Woodcock is one of the most prized of the game birds. A relatively short season and comparative rarity means it doesn’t come cheap but if it’s available it’s always worth ordering. The meat was gamey without being overly so, such that the taste of the flesh is masked. The guts, traditionally spread on toast were served here as a small quenelle. The head was rent in twain so the brains could be sucked out (or crunched as in my case. Speaking of which, this is usually the most challenging part of the bird tastewise but in this case it was quite mild.

The combo was finished off with some decent bacon, fried breadcrumbs and a bread sauce that had a good consistency but needed more of a clove ‘kick’, although that word seems wholly inappropriate in a restaurant like Wilton’s.

Of course, once I’d made a rule about not getting all clever with the menu I had to go and break it by not ordering something simple like Ice Cream or Trifle, instead choosing the mysterious Chef’s Dessert of the day. Unfortunately it wasn’t a very good pudding of today or indeed any day. An assembly of Poached Pears, Ice Cream and Chocolate sauce was let down by pears that were still hard. Next time I’m going for the crumble.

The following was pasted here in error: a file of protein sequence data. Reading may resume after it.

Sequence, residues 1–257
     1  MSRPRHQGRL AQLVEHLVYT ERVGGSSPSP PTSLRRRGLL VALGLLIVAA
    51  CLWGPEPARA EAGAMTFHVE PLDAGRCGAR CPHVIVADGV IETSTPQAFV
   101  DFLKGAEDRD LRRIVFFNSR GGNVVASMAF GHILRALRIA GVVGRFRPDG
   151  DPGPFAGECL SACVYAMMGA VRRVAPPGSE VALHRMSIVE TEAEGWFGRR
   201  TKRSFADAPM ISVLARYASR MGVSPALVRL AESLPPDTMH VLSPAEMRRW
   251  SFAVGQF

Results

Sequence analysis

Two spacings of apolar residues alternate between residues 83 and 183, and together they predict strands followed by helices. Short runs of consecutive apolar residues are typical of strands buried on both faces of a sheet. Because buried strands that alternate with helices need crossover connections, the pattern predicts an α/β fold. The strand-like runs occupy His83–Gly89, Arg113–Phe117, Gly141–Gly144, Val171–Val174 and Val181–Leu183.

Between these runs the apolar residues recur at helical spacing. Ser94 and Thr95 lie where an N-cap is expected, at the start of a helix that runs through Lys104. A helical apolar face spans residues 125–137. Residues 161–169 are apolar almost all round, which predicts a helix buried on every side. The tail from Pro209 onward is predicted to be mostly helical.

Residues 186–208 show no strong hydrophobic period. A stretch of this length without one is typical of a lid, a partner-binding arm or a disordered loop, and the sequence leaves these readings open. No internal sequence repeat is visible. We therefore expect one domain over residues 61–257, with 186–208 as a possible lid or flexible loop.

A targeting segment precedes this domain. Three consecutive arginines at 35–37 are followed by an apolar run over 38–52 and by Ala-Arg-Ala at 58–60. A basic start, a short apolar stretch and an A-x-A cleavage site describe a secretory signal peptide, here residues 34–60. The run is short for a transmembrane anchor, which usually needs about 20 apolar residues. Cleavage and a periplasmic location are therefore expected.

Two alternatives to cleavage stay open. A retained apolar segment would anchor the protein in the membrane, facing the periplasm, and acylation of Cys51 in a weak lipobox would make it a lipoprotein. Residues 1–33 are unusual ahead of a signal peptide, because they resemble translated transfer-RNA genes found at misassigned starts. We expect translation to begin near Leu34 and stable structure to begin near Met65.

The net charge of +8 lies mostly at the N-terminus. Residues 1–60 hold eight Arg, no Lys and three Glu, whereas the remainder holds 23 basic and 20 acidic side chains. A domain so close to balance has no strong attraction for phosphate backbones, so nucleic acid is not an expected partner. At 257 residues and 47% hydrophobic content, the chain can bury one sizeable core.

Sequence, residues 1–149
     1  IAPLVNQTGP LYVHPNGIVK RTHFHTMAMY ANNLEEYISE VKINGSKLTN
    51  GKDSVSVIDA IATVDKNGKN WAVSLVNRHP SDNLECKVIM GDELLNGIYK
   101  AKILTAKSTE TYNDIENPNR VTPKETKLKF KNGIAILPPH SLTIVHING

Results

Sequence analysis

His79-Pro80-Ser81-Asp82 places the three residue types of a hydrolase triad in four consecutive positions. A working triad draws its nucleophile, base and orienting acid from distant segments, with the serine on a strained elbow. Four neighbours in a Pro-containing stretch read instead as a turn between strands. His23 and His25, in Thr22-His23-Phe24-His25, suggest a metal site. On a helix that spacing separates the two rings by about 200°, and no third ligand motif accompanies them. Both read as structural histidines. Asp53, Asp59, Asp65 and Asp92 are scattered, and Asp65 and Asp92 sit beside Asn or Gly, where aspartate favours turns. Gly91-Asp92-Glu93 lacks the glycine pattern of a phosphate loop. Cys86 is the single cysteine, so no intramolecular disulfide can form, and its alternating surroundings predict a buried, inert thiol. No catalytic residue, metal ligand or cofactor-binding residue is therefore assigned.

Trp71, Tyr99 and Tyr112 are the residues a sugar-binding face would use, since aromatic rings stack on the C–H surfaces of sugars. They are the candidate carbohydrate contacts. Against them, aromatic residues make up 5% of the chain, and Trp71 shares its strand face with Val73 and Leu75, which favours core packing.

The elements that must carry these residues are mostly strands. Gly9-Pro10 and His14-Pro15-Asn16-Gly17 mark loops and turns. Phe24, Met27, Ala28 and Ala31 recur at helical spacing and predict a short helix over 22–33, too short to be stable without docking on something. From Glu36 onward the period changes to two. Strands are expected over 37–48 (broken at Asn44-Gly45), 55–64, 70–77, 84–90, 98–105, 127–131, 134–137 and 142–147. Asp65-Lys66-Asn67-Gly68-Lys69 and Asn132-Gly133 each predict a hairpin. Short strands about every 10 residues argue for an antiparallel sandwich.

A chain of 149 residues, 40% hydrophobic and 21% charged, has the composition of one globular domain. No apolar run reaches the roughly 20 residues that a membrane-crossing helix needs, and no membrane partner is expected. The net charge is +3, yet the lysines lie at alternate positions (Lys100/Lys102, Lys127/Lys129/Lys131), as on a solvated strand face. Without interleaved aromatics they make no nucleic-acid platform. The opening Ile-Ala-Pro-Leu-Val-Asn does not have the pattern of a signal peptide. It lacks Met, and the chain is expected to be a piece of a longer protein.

Pudding aside though, I had a fine time at Wilton’s. Service was predictably good and the prices, although aimed firmly at Mayfair wallets, were commensurate with ingredients that were of exemplary quality and that were treated properly. By the end of my meal, I was so cosy and well-fed that it was a bit of a wrench to drag me and my corpulent arse out into the cold. Ok, I may be getting old but I think I’ve discovered the perfect restaurant for my retirement years…interspersed with the odd visit to Rules when I fancy a bit of excitement.

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Tuesday, January 26, 2010


A quick lunch today, after a couple of very productive meetings found me joining my chum, Susan for lunch in King’s Cross. There are precious few restaurants of any worth in that area (and no, Konstam is not one of them)but she assured me that she knew just the place for us to sit in peace and quiet.

I had my doubts as she led me past the station and towards the Pentonville Road and even more when she stopped in front of a small café with a peeling yellow frontage, a battered awning over the entrance and a dilapidated sign reading “Paolina Thai Café”

Once inside the décor suggested that little had changed since the place opened, originally, I would imagine from the name, as a greasy spoon with Italian ownership. One of the "new" incumbents, an elderly Thai lady, drew our attention to a laminated menu pinned to the wall.

“You choose, tell me, pay later”

The menu listed twenty dishes, not one over £6. We chose quickly, gave our order as instructed and then descended to a small basement dining room where two other tables were occupied.

The food came quickly. Squid rings were a decent starter, freshly fried and crisp and served with a sour sweet dipping sauce, a pleasant diversion as we continued with our conversation and waited for the main courses, which also arrived in rapid fashion.